• 12 The opinion states that the emissions "violated Section 9(a) of the act prohibiting the causing of air pollution." However, this statement is simply a conclusory phrase which contributes nothing to the achievement of those standards required by the legislature in the form of the statutory language. Such a statement does not provide the necessary recognition of the elements which are required by the statute to make a finding of "air pollution" as defined by sections 9(a), 3(b), and 3(d). Furthermore, there is a growing agreement among courts that administrative agencies should be required to articulate their findings clearly instead of stating that a statute has been violated:
"Courts should require administrative officers to articulate the standards and principles that govern their discretionary decisions in as much detail as possible. * * * Discretionary decisions should more often be supported with findings of fact and reasoned opinions." Environmental Defense Fund, Inc. v. Ruckelshaus (D.C. Cir. 1971), 439 F.2d 584, 598.
See also Davis, Discretionary Justice (1969) at 58, 59; Mil-ka-ko Research & Development Corp. v. Office of Economic Opportunity (D.C. Dist. 1972), 352 F. Supp. 169, 173; Citizens Ass'n of Georgetown, Inc. v. Zoning Com'n of D.C. (D.C. Cir. 1973), 477 F.2d 402, 409; Permian Basin Area Rate Cases (1968), 390 U.S. 747, 20 L.Ed.2d 312, 88 S.Ct. 1344, 1373; Appalachian Power Co. v. Environmental Protection Agency (4th Cir. 1973), 477 F.2d 495, 505.
• 13, 14 While we believe that the Board may comply with the statutory requirement to establish standards through a decisional process, we believe it did not properly do so in this case and a further caveat would appear to be in order on this point. Assuming the Board were to have set forth with precision the standards to be met by Mystik, such standards would, of course, still have to be reasonable, as one man's stench can be another man's fragrance. But, in addition, a person found to have been an offender against the standards set by the order would have to be given a reasonable time within which to comply, before the assessment of any kind of penalty, or we would then agree with Mystik's contention as to failure of due process. We do not decide the question of the authority of the Board to assess a money penalty, as that question is now pending before the Supreme Court. But as to all sanctions which are within the Board's authority, the Board cannot be permitted to enter the kind of compliance order it did in this case, and at the same time leave the person found to have been guilty of air pollution in the dark as to how he may comply. Witness the fact that in this case Mystik presented what it considered would be a rather extensive and expensive program of compliance which was rejected by the Board out of hand.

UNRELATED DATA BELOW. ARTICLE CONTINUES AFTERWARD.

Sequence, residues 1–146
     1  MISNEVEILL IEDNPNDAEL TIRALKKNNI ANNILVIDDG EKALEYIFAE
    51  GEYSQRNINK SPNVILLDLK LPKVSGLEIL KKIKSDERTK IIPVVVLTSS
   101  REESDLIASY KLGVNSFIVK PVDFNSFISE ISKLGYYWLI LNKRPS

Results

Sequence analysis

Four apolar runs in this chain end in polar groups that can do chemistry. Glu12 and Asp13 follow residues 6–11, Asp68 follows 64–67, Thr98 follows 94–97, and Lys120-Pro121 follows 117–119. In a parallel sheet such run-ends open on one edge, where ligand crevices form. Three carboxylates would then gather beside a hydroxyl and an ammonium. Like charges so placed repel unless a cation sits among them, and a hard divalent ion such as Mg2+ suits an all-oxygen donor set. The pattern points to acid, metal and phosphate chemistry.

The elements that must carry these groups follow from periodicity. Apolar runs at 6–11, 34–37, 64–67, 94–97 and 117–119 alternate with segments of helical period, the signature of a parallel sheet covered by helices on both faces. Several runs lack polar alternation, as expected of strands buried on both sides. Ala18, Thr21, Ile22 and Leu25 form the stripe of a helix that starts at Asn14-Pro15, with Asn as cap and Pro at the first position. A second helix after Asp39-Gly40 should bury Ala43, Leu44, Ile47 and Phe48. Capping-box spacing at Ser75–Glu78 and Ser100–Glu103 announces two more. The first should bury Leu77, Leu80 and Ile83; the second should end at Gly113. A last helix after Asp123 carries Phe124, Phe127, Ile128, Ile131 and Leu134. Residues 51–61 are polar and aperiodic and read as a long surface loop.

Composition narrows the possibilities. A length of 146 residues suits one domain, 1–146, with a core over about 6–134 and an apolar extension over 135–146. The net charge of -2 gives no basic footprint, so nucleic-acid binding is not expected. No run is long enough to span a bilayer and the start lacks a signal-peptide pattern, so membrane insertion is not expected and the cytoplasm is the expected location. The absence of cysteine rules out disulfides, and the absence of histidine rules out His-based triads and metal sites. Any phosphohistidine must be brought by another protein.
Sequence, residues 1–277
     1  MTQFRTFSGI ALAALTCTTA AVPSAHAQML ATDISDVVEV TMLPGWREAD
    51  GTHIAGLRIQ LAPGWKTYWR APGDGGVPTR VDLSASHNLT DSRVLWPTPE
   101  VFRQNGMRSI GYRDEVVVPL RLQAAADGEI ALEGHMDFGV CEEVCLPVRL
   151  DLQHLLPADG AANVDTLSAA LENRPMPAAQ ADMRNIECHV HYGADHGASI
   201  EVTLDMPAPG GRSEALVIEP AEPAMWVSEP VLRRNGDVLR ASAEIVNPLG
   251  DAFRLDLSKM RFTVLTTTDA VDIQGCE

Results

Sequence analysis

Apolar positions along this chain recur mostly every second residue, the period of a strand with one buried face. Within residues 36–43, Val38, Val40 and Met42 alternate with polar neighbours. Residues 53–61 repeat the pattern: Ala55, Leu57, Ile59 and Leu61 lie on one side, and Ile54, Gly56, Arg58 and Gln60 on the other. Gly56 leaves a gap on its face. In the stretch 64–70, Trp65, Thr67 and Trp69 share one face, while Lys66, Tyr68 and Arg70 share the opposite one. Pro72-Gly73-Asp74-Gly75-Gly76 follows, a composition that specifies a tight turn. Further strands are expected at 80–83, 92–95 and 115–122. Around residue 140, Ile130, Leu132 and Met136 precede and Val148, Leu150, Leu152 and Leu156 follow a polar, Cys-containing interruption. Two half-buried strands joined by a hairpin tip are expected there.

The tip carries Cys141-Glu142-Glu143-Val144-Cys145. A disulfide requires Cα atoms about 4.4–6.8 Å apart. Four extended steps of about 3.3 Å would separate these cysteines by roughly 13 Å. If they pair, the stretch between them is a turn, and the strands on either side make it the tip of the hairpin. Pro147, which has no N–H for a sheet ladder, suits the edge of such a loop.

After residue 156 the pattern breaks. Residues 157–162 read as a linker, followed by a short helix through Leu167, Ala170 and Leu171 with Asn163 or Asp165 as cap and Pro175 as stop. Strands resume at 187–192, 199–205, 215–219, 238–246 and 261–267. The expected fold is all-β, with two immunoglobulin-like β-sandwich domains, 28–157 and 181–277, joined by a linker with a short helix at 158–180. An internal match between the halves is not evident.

• 15 The Board's order also found that Mystik had violated section 9(b) of the Act by its installation and operation of equipment and odor counteractant devices without obtaining a permit from EPA. Section 9(b) provides
"No person shall:
(b) Construct, install, or operate any equipment, facility, vehicle, vessel, or aircraft capable of causing or contributing to air pollution or designed to prevent air pollution, of any type designated by Board regulations, without a permit granted by the Agency, or in violation of any conditions imposed by such permit; * * *." (Emphasis added.)
In view of our basic conclusions in this case, we consider that this part of the Board's order falls for lack of any foundation as to determination of standards. We further believe that a careful reading of section 9(b), quoted above, discloses that it applies only to the construction, installation or operation of equipment of any type designated by Board regulations. Since there have been no regulations promulgated by the Board covering the type of equipment involved here, this part of the Board's order must fall for that reason also.
6. The propriety of the Board's order under the terms of the Act and the sufficiency of the evidence